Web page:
ASU Electronic Theses and Dissertations
This collection includes most of the ASU Theses and Dissertations from 2011 to present. ASU Theses and Dissertations are available in downloadable PDF format; however, a small percentage of items are under embargo. Information about the dissertations/theses includes degree information, committee members, an abstract, supporting data or media.
In addition to the electronic theses found in the ASU Digital Repository, ASU Theses and Dissertations can be found in the ASU Library Catalog.
Dissertations and Theses granted by Arizona State University are archived and made available through a joint effort of the ASU Graduate College and the ASU Libraries. For more information or questions about this collection contact or visit the Digital Repository ETD Library Guide or contact the ASU Graduate College at email@example.com.
- 2 English
- 2 Public
The past decades have seen a significant shift in the expectations and requirements re-lated to power system analysis tools. Investigations into major power grid disturbances have suggested the need for more comprehensive assessment methods. Accordingly, sig-nificant research in recent years has focused on the development of better power system models and efficient techniques for analyzing power system operability. The work done in this report focusses on two such topics 1. Analysis of load model parameter uncertainty and sensitivity based pa-rameter estimation for power system studies 2. A systematic approach to n-1-1 analysis for power system security as-sessment To assess the …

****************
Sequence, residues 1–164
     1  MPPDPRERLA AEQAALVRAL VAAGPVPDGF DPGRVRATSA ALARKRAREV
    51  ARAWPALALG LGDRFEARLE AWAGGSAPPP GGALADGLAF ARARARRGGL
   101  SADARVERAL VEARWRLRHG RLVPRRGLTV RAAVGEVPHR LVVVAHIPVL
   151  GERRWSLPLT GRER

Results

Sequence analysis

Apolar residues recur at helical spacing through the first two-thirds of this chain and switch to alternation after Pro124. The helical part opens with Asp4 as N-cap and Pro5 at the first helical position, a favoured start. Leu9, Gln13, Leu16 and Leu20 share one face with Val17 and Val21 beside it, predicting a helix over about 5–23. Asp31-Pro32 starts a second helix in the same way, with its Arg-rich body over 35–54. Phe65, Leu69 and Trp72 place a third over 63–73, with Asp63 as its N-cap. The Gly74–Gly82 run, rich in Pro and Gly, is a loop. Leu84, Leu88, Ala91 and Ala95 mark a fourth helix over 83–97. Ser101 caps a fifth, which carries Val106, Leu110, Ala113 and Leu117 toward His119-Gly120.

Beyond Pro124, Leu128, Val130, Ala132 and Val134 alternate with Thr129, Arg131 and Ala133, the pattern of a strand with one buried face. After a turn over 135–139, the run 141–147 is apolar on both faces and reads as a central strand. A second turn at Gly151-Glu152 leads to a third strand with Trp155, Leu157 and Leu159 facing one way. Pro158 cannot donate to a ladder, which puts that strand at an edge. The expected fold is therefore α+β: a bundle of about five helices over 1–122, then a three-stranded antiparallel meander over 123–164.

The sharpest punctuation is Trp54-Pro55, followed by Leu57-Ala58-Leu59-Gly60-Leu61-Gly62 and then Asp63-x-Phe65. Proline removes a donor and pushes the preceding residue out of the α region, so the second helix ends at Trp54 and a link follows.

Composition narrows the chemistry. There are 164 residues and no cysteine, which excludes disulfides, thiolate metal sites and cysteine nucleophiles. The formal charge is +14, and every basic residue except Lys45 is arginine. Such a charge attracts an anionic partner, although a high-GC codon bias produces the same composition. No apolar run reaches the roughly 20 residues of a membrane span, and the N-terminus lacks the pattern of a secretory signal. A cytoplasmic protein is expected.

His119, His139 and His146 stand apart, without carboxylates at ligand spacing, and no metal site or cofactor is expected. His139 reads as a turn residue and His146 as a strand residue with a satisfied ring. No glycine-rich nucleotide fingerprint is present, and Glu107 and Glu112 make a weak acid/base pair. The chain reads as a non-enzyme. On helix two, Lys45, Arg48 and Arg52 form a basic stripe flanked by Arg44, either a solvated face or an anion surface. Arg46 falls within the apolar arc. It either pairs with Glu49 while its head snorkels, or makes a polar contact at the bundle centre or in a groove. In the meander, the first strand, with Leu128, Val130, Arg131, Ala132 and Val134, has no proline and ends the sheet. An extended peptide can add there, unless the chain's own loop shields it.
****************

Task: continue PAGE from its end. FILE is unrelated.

- Mitra, Parag, Vittal, Vijay, Heydt, Gerald T, et al.
- Created Date
This dissertation presents innovative techniques to develop performance-based models and complete transient models of induction motor drive systems with vector controls in electro-magnetic transient (EMT) and positive sequence transient stability (PSTS) simulation programs. The performance-based model is implemented by obtaining the characteristic transfer functions of perturbed active and reactive power consumptions with respect to frequency and voltage perturbations. This level of linearized performance-based model is suitable for the investigation of the damping of small-magnitude low-frequency oscillations. The complete transient model is proposed by decomposing the motor, converter and control models into d-q axes components and developing a compatible electrical interface …
- Liu, Yuan, Vittal, Vijay, Undrill, John, et al.
- Created Date